The concept of nurses as a labor force had to be confronted, as increasing numbers of nurses were electing to be represented by collective bargaining organizations. Anna Suplee, former Districts president who personally opposed the unionization of nurses, expressed the inclination that, if nurses felt compelled to seek labor representation, they should choose their professional organization to benefit their cause. Peggy Rooney, from the staff of the New York State Association, spoke to the membership on the topic of "Labor Relations and Health Care", November 13, 1978

To date, several union elections have been held in the area represented by District 5. So far, all organized nursing labor initiatives have been voted down. None of these organizing efforts have elicited the support of the collective bargaining unit of the New York State Nurses’ Association.

The CHENSUS (Chenango/Susquehanna) Run was held in 1979-1982, co-sponsored by District 5 and the Binghamton Parks Association for the benefit of the American Cancer Society and the American Heart Association. The event was created to direct the attention of the local press to nurses and portray them to the public as active, healthy people. In her annual report to NYSNA, dated May 12, 1980, Frances Feldsine made note of a remark by a young participant that “she wants to be a nurse when she grows up because they’re organized and they run a good race.”

The 1980's was a period of intense legislative activity. The Legislative Committee added two non-nurse consumer representatives to their group and developed a district effort for rapid action on legislative issues by putting into effect a telephone tree to inform members of legislative alerts and how to present the position of nurses to lawmakers. Many of the membership meetings invited guest speakers from NYSNA and other organizations to speak on the current issues. Student nurses were recruited to participate in lobbying efforts, thus educating them in current legislative issues and role modeling professional responsibility to protect and expand on health care policy and nursing practice concerns. In 1989, a new effort to educate local legislators about the roles of nurses was conducted, "Keep Pace with A Nurse". The lawmakers met nurses at Lourdes and United Health Services Hospitals, Hilltop Johnston Campus, CASA, and the Tioga County Health Department, and observed their activities and fulfillment of responsibilities.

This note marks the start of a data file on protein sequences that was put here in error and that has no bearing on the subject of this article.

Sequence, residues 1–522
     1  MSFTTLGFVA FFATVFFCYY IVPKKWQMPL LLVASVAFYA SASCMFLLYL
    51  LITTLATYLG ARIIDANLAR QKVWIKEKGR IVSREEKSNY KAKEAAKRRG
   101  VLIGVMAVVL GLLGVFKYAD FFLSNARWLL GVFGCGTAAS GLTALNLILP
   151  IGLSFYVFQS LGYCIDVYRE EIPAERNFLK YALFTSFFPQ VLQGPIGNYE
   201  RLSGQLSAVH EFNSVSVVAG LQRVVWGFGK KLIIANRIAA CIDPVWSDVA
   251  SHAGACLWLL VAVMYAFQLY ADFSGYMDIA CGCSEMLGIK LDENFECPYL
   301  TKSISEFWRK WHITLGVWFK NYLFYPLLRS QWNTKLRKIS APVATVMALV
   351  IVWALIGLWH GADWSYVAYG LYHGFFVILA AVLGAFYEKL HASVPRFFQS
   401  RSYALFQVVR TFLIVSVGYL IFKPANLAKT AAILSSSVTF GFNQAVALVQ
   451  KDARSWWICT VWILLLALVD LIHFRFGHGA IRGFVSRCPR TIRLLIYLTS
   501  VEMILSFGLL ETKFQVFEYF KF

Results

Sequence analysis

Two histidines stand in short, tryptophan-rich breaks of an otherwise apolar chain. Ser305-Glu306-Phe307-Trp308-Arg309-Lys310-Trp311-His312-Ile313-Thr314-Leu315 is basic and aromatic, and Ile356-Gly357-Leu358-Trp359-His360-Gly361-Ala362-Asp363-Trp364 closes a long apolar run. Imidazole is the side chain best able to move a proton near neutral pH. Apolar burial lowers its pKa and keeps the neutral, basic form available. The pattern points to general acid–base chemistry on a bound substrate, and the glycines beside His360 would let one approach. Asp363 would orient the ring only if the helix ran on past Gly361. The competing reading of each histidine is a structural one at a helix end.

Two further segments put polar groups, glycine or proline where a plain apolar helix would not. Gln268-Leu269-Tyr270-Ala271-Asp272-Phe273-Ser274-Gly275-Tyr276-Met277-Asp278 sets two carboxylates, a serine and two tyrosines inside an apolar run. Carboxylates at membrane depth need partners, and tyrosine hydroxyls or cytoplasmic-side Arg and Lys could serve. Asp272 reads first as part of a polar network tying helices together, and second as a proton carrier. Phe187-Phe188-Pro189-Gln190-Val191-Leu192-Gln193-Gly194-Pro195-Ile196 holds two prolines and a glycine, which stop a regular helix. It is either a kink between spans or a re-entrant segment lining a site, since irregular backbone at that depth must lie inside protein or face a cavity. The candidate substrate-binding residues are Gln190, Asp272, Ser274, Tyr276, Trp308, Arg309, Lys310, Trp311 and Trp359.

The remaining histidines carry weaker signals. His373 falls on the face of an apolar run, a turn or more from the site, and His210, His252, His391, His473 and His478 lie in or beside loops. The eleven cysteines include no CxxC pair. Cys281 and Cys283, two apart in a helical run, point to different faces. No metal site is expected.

In 1983, the Education and Program Committees collaborated on initiating the Annual Nurses' Day Champagne Breakfast, to unite nurses and promote the image of nursing in the community. The means to accomplish this was to annually bestow the title 'Honored Nurse' upon a local nurse who. had made an impact on patients and colleagues. The intent of this event is best documented by excerpts from 'The Professional Nurse', Alice Whitcombe's address to attendees on May 6, 1983.

"We are gathered today for the purpose and pleasure of recognition of merit to give friendly notice of our appreciation, to pay attention to, and to salute nurses – as well as to acknowledge the validity of the independent practice of nursing... In a sense, we are honoring too the numbers who have gone before (us) in this valley... The nursing profession continues to undergo rapid change in. assuming new roles and different relationships with the consumer and other health professionals. Nurses are very vulnerable to conflict due to the pivotal role they assume in the delivery of care, the new functions and responsibilities they are undertaking, the acquisition of more power and control in the health setting, the interdependence with other professionals, and the differentiation between professionals... Let us accept the challenge to grow ourselves and to enable others to grow – as we celebrate recognition of past success, present potential, and future hope."

The celebration held on the first Thursday in May is the most widely attended program on the District 5 calendar. Additional awards are presented for legislative and public relations contributions to nursing efforts and recipients of the Hila Kinney Scholarships are announced. The appropriate committees developed eligibility criteria for each category of award between 1988 and 1994. It also the most intense vehicle for raising funds for scholarships – holding raffle of prizes donated by area businesses and health care agencies, selling buttons and magnets with nursing themes, as well as soliciting donations. District solicits the participation of vendors to display current products and services to offset the costs of the event.

The champagne toast was discontinued in 1988 in respect to the awareness of the problem alcohol poses to the public, including nursing colleagues. The format included guest speakers on topics of interest until 1999; when the board decided that more area nurses could attend if the length of the program shortened to 2 1/2 hours from 4 hours. In order to provide an educational opportunity a Poster/Networking session is available during registration. Alberta Wilmot created a banner for display at the breakfast and other District 5 functions in 1994.

In recent years, the New York State Nurses Association has contributed funds that have supported attendance of senior nursing students from Binghamton University and Broome Community College. This has prompted some graduates practicing locally to join the district.